Road safety tips

2013-12-23 15:26

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Road safety is one of those topics most of us, especially regular road trippers, tend to skim over. Maybe it's because we live in a country with a reputation for its careless road users and horrific accidents, making the topic of ‘road safety' one we've come to associate with boring TV commercials and mandatory school tutorials. 

However, if you're hitting the road for a glorious bush break or maybe a wild winter seaside retreat, we suggest you take a few moments to brush up on these basic road safety tips. 

Before leaving 

Car Service

Take your car in for a once over before you hit the road. It would be useful to mention any odd sounds or quirks you've noticed in the days leading up to the service to the technician, as this will guide their work and also set your mind at ease. The brakes, clutch, tyres, windscreen wipers, fluids, lights and air filter are all essential components to be checked. 

Tyre check

Be sure to check your tyres for any tears or bulges and also make sure that there is still a healthy amount of tread yet. Make sure that they are inflated appropriately for your trip - tyres that are pumped up too tight can be as much of a danger in the case of a fully loaded vehicle, as a flat tyre can be.

Wash your car

Not only will you be creating a great impression among your fellow travellers, it's also actually an important safety measure! If you don't have the time, at least ensure that each and every one of the car's windows are clean for maximum visibility. There's nothing worse than trying to squint through a dusty windscreen, especially if the sun is coming from straight ahead. 

Avoid obstructions

Packing the car for a family holiday is always something of a challenge. So much stuff, so little space! The temptation is always there to just squeeze and stack till everything fits. However, having luggage obstructing your rear view can be extremely dangerous, even fatal. Make sure the driver can see the stretch of road behind the vehicle at all times.

Make sure you have adequate safety equipment

Before leaving on your journey, put one Saturday (or any other day where you have lots of time) aside to go through the emergency and safety equipment in your vehicle. There are a few essential items that should be readily available in your vehicle, should you have a breakdown. These include:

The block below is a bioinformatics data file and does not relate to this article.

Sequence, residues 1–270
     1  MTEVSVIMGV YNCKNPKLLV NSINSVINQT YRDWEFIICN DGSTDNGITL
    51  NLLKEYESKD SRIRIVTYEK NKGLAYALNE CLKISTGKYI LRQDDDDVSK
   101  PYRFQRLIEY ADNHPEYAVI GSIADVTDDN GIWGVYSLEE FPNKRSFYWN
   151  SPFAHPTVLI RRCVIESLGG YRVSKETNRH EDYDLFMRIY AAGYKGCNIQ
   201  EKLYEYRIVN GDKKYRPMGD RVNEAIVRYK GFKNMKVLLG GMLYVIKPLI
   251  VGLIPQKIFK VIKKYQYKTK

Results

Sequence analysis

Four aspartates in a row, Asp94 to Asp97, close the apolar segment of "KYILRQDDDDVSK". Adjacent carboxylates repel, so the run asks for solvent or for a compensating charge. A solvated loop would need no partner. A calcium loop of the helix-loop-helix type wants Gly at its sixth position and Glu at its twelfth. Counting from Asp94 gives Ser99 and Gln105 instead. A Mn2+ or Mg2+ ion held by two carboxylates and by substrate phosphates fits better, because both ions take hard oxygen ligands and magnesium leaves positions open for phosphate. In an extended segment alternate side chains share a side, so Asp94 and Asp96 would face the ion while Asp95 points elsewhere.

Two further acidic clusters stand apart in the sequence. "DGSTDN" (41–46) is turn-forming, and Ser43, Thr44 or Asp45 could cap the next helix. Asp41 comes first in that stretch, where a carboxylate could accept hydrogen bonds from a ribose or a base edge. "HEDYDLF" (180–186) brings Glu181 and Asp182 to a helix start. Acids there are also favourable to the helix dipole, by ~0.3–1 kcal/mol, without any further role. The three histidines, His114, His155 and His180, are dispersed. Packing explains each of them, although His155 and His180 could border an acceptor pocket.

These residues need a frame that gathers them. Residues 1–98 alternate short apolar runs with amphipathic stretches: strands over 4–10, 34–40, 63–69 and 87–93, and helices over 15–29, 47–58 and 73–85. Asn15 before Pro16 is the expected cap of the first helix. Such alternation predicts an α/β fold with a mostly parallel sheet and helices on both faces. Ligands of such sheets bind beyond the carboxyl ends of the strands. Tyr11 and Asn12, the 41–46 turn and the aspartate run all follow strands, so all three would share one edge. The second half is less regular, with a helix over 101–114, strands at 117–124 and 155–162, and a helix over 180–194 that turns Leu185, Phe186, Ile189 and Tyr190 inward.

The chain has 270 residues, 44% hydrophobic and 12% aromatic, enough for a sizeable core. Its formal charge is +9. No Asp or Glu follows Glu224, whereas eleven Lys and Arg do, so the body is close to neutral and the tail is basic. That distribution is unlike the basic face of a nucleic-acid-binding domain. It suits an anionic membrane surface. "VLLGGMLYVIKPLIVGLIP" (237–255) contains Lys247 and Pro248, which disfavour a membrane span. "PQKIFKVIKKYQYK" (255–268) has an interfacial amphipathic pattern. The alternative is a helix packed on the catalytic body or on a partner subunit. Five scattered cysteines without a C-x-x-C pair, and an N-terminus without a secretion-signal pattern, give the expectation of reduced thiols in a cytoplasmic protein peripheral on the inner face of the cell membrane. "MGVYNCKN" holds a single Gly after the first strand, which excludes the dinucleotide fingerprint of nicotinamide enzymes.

- Three reflective triangles 
- Jumper cables
- A sturdy rope in case you need to be towed
- A torch 
- A first aid kit

While travelling 

Assume everyone else is an idiot

This really is the golden rule of the road and basically comes down to this: you have to think for your fellow drivers. By being alert and aware of what's happening around you at all times, the chances are good that you will be able to act proactively to avoid an accident. 

Two hour driving shifts

If you're on a long journey, divide the driving time into two hour shifts, taking turns behind the wheel with other eligible drivers in the car. If there are no other eligible drivers, the rule still applies to you. It's important to rest, stretch your legs and freshen up every two hours, else your attention will start wavering. 

No fidgeting 

Fiddling with your cell phone or the radio while driving is an absolute no-no, yet most of us are guilty of doing this on quite a regular basis. However, it's just that split moment of distraction 

Keep you cell phone charged

Sometimes it seems like we've become a bunch of wussies when it comes to communication. In the old days people would set out on journeys, hoping that maybe somewhere along the way they'd be able to make contact with their family from a pay phone. These days we have our cell phones glued to our sides constantly and can't bear the thought of losing reception for a few moments. 

Whatever your thoughts may be about this, the fact is, cell phones are an incredibly useful tool to harness while travelling and could also be a lifesaver in many crisis situations. So, make sure that your cell phone (or at least one among your travelling companions) is always fully charged while driving. The best way to ensure this, is to have a charger you can plug into your car's USB port, or for the more old school among us, cigarette lighter.

Never drive in the yellow line

Even when someone's sitting on your tail, trying to push you off the road. And especially at night. While the yellow line may be completely clear 99% of the time, you do not want to be part of that 1% who hit a stray object, animal, or worst of all, pedestrian appearing only when it's too late. 

Be patient

Being stuck in traffic is one of those things in life that you really have no control over. So if you find yourself in this situation, somehow, while road tripping, just relax. Pump some cool tunes, chat to your travel companions and try to just soak up the scenery. Being impatient and trying to push your way to the front of the queue will just aggravate the situation and could inspire anything from road rage to an unexpected accident.

Check out the AA website for more vehicle and road safety tips

Read more on:    travel south africa

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